For the third straight postseason, Smiths Station will face off with area rival Auburn in a critical series.
Two years ago, the Tigers were triumphant in a second-round upset of a loaded Smiths Station squad that had designs on a state championship. Last year, arguably the opposite could be said as the underdog Panthers topped Auburn before losing in the state quarterfinals.
"Every year, we run into Auburn," Panthers coach Mike Ferry said. "Last year, we were fortunate we were playing well when we got them. Getting a win there, these kids have in the back of their minds that even though the regular season didn't go well for us this year against them, we have that ability."
This year, in a smaller postseason field in Class 7A, the two teams will meet with a trip to the state semifinals on the line.
To get there, Smiths Station will have to flip a script that was heavily in the Tigers' favor in the regular season.
Auburn swept three games from the Panthers, winning two of them by 10 runs. But that was then. Now, Smiths Station is coming off a pair of series victories, winning two out of three against Central to close the regular season and two of three against Enterprise to open the playoffs.
"They're always one of the better teams in the state," Ferry said of Auburn. "They're a measuring stick for everyone because they've been there. This year is no different."
Last week, the Panthers were pushed to the brink of elimination following a 7-3 loss to Enterprise to open the series, but they rebounded with wins of 6-2 and 9-2. They have been bolstered by their pitching rotation of Blake Rivera, Max Newton and Trent Hollingsworth, but they have also gotten key contributions at the plate throughout the lineup. Nigel Lawrence, for one, has hit key three-run homers in each of the past two close-out games.
Auburn, meanwhile, easily dispatched Prattville in its opening series, winning 9-3 and 12-2. It utilizes a wealth of arms on the mound. Its ability to bring in relief and rely on multiple strong starters makes it a difficult team to top in a three-game series.
"In the past, they've had to coach around not having a dominant arm," Ferry said. "This year, they have a couple kids who can dominate the game if you allow them to."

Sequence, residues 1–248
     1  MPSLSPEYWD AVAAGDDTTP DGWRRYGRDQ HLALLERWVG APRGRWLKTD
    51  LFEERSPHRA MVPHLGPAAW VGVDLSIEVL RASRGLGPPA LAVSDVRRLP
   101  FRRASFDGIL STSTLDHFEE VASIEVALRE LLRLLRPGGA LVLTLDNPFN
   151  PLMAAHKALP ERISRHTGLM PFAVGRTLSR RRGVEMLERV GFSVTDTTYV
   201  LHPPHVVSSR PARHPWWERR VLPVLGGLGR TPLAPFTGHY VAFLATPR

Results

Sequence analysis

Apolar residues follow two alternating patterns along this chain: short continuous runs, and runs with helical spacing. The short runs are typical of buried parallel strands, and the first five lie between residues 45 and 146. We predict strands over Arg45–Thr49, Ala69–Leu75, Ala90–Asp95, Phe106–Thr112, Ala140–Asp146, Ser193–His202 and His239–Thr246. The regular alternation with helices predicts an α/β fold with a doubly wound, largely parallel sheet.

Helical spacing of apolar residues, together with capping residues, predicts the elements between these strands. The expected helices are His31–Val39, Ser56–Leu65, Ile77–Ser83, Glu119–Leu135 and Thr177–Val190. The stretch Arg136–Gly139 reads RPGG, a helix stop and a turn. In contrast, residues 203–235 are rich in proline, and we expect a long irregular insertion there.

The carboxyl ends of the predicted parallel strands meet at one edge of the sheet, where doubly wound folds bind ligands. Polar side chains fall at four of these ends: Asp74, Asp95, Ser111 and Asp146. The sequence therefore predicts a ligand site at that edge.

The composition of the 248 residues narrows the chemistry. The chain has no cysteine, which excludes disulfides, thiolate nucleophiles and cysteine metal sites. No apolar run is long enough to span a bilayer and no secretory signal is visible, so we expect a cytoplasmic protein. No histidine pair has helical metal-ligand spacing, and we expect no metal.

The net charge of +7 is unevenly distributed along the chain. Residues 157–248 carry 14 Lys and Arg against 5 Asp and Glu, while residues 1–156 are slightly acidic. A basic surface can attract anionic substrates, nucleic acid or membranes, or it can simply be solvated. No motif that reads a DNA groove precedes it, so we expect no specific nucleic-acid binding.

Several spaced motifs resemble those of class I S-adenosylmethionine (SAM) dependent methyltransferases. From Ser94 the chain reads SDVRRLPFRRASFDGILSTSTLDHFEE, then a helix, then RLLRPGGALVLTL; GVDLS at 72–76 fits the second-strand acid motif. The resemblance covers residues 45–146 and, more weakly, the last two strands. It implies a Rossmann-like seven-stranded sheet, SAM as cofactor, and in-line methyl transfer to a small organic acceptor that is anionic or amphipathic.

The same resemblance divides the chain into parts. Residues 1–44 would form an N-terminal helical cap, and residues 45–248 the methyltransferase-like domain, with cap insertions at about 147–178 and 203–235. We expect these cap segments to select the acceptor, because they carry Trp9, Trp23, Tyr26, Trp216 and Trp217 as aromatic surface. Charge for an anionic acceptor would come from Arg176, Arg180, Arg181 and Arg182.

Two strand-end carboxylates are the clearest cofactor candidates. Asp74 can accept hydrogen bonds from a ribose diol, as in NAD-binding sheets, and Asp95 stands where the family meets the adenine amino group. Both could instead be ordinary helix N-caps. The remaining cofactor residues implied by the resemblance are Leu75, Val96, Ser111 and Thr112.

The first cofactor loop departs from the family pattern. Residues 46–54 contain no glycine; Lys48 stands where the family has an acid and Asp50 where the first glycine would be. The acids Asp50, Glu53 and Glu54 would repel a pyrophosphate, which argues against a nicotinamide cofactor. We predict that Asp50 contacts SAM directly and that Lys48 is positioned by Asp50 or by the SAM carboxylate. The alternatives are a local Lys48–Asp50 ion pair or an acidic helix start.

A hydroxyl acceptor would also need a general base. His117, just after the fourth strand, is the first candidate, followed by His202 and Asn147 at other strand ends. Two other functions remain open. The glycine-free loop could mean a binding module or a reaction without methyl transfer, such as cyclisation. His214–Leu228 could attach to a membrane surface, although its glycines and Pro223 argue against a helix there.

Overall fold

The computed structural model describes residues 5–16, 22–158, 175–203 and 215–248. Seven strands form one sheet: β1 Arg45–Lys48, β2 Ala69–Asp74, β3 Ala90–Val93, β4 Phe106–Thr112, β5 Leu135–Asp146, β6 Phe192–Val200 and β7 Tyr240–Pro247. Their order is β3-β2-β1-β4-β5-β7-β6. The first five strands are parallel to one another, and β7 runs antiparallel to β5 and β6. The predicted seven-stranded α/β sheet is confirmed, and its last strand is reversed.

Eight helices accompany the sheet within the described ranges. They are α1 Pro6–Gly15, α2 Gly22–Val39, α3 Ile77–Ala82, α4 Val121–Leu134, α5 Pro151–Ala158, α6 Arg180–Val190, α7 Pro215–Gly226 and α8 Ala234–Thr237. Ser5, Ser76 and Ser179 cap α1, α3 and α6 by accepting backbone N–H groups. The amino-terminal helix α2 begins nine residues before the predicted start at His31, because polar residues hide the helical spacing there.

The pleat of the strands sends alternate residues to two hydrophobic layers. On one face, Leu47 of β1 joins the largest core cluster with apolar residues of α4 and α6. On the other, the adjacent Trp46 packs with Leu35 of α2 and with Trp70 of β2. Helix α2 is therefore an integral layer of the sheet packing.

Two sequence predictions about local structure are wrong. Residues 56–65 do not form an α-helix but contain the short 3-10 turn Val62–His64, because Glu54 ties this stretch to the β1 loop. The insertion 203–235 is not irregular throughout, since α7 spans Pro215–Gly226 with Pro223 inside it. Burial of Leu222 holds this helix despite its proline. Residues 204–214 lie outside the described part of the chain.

Six other area baseball teams will compete in their respective playoffs beginning today, as well.
Columbus, Brookstone, Harris County and Calvary Christian will each play home series, while Hardaway and Jordan will hit the road.
After a rugged race for the Region 1-AAAAA title, Columbus, Harris County and Hardaway each has designs on long stays in the Class AAAAA playoffs.
Columbus is led by a couple of aces on the mound in Cason Greathouse and Troy Gilliland, but it will be without its most highly touted player, Al Jones, who underwent surgery on Wednesday to repair a broken hamate bone.
While that news is of obvious significance, Jones had been absent for a large portion of the regular season, leaving Columbus plenty of opportunity to adequately replace him.
The Blue Devils are hosting Lakeside-Evans.
For Harris County, it will utilize its experience, sporting a senior class of eight players, to make its postseason push. It lost in three games to Starr's Mill in the second round a year ago after winning a region title.
As a 2 seed this year, it will have to get past Jones County in the first round, a 3 seed with 20 regular-season wins.
Hardaway will play at Greenbrier, which advanced to the Class AAAAA semifinals last year.
Jordan will play at Southeast Bulloch, a 3 seed in Class AAA, Brookstone will host Mount de Sales in Class A-private and Calvary Christian will host Covenant in the GICAA Division I first round.